- Peter was not the first Pope. In fact, the papacy is a product of man’s design, not God’s. Peter was not even the outstanding leader of the apostles. He was a fisherman turned disciple and apostle by God’s grace. He denied the Son of God during Jesus’ trial (Matthew 26.33-35, 69-75). He was a busybody about John’s ministry (John 21.15-22). Peter gave in to legalism during a trip to Antioch and Paul had to correct him (Galatians 2.11-14). Yet Peter was also the disciple who answered Jesus’ question, “But who do you [all] say that I am?” with “Thou art the Christ, the Son of the living God.” Jesus responded by telling Peter, “And I also say to you that you are Peter [petro~, a stone or rock; this is nominative masculine singular; it refers to Peter], and upon this rock [petra, a massive rock or rocky place, the form is petra, dative feminine singular; it refers to Peter’s statement about Christ] I will build My church; and the gates of Hades shall not overpower it.” Jesus told Peter that he was correct and that Jesus would build his church on himself (Jesus Christ), the doctrine of which was embodied in Peter’s statement “Thou art the Christ, the son of the living God.” Jesus then told Peter, “I will give you the keys of the kingdom of heaven” (Matthew 16.15,16,19). Jesus meant that Peter would be the one to both formally and publicly open the kingdom of heaven, through preaching the gospel by the power of the Holy Spirit. Peter did this with the Jews in Acts 2.38-40, with the Samaritans in Acts 8.14-17, and with the Gentiles in Acts 10.34-36. With regard to Peter’s authority over “binding and loosing,” this statement was made to Peter (Matthew 16.19), then to all the disciples-apostles (Matthew 18.18). This authority refers to the apostles’ leadership and ruling authority during the apostolic period of the first century. Peter, for example, used the authority in Acts 3 with the lame man and in Acts 5 with Annanias and Sapphira. John 20.23 is different from the two Matthew passages. John records that Jesus extended this authority to declaring the results of a person’s response to God’s terms for forgiveness of sins—those who believe in Jesus have been forgiven and those who disbelieve Jesus have not been forgiven. Roman Catholic theology also wrongly uses Luke 22.32 to support Peter’s authority by making this Scripture teach that Christ’s prayer for Peter guaranteed Peter’s infallibility; the theology also applies this guarantee to those bishops who succeed Peter. From these biblical statements and tradition (religious and historical) the Roman Catholic Church builds its doctrine of the papacy. The Roman church is, of course, quite wrong. Peter later wrote that he was a fellow elder with other elders and so on equal footing with them (1 Peter 5.1). James was the leader of the Jerusalem church, not Peter (Acts 15.13-19). Peter, when writing about the rock, the stone, the foundation, means Christ; all church believers are living stones of the building called the church (1 Peter 2.4-8; Acts 4.11-12). Peter himself stated that only God can forgive sins (Acts 10.48; 13.38-39). John, another apostle, quoted Jesus’ restrictive statement “and I [Jesus] have the keys of death and of Hades” (Revelation 1:18). After the church began, God appointed Peter as the apostle to the Jews. God worked through Peter to build up and enlarge the church. God inspired Peter to write First and Second Peter; the gospel of Mark is possibly Peter’s gospel penned by Mark. While Peter may have spent some time in Rome, there is no evidence that he was ever a bishop of Rome. In summary, Peter was an apostle, the apostle to the Jews (Galatians 2.7-9); God worked through him to help begin, build, and strengthen the church; Peter never thought of himself as the leading apostle, and he certainly was not the first Pope of the Roman Catholic Church nor was he infallible. Some of the Roman Catholic proclamations and their dates are of interest: 1545-1563, the Council of Trent, which made the teachings of the Roman church into binding law, one of which was the denial of salvation by faith alone in Christ alone; 1854, Mary’s immaculate conception; 1869-1870, First Vatican Council, which proclaimed papal infallibility 1870; 1950, Mary’s bodily assumption into heaven at her death; 1962-1965, the Second Vatican Council reaffirmed the rulings of the Council of Trent; 1994, the Catechism of the Catholic Church officially restated for the first time in 400 years the traditional beliefs of the Roman Catholic church.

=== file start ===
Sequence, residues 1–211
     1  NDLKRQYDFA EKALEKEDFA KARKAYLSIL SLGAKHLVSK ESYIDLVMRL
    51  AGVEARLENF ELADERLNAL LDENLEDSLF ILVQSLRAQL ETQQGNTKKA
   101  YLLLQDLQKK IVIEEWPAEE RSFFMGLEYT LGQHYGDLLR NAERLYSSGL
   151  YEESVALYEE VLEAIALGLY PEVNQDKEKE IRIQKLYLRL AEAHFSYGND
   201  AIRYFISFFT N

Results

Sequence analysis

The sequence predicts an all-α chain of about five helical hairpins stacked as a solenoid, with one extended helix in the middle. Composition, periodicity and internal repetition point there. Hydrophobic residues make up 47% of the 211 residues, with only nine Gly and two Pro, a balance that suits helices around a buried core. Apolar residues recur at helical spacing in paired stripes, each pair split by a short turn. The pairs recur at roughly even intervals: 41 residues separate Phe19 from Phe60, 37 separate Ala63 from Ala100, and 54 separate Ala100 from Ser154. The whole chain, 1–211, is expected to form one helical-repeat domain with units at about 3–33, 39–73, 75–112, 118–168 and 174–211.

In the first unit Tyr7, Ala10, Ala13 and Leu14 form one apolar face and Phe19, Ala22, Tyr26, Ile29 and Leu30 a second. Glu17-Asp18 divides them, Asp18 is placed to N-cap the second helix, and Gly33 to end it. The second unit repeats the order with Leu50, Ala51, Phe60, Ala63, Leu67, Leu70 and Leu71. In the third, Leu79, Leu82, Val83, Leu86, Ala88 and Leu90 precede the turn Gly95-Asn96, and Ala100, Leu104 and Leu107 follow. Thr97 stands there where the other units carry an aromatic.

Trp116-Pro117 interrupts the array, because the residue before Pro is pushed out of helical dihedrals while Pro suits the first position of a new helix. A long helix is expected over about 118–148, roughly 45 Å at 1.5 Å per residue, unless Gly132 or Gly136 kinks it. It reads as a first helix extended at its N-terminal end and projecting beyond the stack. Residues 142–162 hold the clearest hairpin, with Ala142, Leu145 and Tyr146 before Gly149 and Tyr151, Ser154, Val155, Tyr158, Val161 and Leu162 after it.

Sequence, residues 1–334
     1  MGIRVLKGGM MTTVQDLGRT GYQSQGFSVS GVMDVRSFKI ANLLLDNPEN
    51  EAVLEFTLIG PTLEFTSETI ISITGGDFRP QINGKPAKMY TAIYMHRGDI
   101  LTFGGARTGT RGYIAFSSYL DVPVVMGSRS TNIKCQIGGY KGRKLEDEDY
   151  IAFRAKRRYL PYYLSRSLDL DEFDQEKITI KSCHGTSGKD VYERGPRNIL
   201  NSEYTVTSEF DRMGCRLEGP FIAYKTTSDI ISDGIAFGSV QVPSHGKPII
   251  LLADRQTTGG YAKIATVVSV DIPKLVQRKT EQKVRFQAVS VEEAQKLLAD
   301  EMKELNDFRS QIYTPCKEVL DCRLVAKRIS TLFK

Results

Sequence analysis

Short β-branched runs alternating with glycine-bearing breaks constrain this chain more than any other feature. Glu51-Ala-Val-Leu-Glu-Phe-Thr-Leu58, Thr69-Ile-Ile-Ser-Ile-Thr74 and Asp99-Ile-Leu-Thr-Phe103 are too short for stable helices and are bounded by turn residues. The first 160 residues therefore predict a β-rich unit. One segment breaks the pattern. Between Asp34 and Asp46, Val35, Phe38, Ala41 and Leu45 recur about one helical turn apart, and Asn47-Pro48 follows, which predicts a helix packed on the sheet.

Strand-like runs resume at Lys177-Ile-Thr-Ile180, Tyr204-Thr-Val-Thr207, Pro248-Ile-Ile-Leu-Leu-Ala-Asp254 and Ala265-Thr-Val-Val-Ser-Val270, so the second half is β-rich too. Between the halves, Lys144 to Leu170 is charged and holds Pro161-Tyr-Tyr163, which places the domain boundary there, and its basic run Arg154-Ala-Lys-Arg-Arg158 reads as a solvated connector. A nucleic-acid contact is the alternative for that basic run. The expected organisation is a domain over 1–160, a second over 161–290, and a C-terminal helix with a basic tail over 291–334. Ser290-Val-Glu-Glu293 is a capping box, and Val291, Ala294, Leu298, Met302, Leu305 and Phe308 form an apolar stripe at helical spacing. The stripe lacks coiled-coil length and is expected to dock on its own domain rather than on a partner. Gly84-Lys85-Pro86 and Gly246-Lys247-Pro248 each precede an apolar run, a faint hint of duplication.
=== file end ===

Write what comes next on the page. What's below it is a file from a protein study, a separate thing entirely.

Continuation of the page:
- Indwelling by the Holy Spirit.
- Encouragement of believers.
- Importance of Bible doctrine.
- Temporary spiritual gift of prophet.
- Grace giving for believers under pressure and in need.
- Ministry, the right person in the right place at the right time.